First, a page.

Avoid over baking the biscuits – by keeping an eye on them towards the end of the baking time. All ovens are different and Biscoff are fairly thin and can easily get too dark or burn.

    The dough should be sticky – avoid adding more flour to the recipe unless it’s really necessary. In method one for rolling out the dough we use parchment paper and allow time for the dough to rest in the freezer/fridge to firm up. In method two more flour is used to roll out the pastry but expect the biscuits to be harder.


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    Homemade Biscoff

    Homemade Biscoff (Belgian Speculoos Cookies)

    Preparation:13 minutes
    Baking:12 minutes
    Chilling:15 minutes
    Total:40 minutes
    Servings: 25 biscuits
    These Homemade Biscoff (AKA Belgian Speculoos biscuits) are gently spiced with a mix of aromatic warm spices, filling your home with the most amazing baking smells while they bake. Totally addictive and simple to make, you'll be wanting to bake them again and again!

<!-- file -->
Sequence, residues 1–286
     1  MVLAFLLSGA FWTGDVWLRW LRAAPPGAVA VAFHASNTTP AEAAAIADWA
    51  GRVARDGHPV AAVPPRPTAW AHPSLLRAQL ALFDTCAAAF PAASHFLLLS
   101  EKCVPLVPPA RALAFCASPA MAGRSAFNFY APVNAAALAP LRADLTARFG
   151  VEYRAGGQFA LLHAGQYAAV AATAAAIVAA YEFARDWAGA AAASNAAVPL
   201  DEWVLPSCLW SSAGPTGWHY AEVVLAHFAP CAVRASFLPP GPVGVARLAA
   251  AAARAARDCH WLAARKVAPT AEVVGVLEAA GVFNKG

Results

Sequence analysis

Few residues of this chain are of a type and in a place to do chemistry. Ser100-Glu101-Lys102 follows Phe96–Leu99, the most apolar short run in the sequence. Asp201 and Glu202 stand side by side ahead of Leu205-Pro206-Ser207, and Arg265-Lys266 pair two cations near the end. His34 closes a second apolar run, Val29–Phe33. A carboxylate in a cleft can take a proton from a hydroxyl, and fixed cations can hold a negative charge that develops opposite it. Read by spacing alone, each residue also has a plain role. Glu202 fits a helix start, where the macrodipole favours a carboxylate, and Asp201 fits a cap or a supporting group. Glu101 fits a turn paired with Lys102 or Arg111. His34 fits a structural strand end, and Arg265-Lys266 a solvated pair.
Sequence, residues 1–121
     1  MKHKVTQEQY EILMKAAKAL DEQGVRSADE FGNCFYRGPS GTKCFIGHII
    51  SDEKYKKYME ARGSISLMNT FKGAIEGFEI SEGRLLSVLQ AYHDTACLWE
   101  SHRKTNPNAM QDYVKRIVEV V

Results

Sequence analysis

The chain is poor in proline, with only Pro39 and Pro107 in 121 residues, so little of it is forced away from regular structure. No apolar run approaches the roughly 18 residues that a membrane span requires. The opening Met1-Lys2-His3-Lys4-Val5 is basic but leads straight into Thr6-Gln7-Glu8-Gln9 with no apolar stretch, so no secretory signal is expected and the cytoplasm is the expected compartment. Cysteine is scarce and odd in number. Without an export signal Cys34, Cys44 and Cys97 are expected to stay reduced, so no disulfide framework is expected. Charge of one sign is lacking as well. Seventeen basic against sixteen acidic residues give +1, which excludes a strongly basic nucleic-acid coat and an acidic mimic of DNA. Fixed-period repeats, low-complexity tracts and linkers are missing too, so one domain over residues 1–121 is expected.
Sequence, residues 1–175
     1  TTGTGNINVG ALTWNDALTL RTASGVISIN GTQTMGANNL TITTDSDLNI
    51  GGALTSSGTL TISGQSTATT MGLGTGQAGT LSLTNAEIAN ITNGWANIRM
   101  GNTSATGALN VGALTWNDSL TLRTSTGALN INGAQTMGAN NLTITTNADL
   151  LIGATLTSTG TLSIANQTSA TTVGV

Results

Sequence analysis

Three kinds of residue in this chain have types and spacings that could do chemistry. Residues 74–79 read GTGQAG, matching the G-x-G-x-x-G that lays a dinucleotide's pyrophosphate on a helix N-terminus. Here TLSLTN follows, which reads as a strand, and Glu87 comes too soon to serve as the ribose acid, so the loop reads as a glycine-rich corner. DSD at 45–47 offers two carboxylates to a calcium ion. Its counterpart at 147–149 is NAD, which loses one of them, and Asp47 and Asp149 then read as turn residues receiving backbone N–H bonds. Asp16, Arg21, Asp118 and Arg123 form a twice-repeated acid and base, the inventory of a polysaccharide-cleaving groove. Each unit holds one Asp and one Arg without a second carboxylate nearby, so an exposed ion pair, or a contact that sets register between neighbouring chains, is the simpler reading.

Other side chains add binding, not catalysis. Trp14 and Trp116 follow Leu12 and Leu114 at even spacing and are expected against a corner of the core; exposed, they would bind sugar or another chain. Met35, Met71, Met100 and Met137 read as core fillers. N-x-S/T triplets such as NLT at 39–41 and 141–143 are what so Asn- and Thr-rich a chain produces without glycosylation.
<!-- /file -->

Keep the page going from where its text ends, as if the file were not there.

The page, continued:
INGREDIENTS LIST
     

    • 75 g butter
    • 100 g brown sugar (preferably Belgian sugar which comes from beets not cane sugar)
    • ½ medium egg (only half the egg = 30g )
    • 2 tsp ground cinnamon (ceylon)
    • ¼ tsp ground nutmeg
    • ¼ tsp ground cloves
    • ¼ tsp ground cardamom
    • ¼ pinch fine sea salt
    • ½ tsp baking powder
    • 125 g plain flour (all-purpose)

    Preparation
     

    • In a food processor or large mixing bowl, mix the sugar with the butter until creamy and smooth.
    • Add the egg and mix again, then add the remaining ingredients and mix until the dough comes together. Avoid over mixing as it will cause the dough to become tough. Form a ball with the dough.
    • Rolling: You can use one of two methods for rolling the dough out. Method one is using 2 sheets of parchment paper, the second is using flour on your kitchen worksurface. The latter is easier but means that your dough absorbs more flour and the biscuits become slightly harder.
    • Rolling method one: Draw a 24 x 24 cm (10" x 10") square on a sheet of parchment paper. Mark every 3 cm along one side, and then mark every 6 cm along the other. Flip over so the pencil side isn't touching the dough.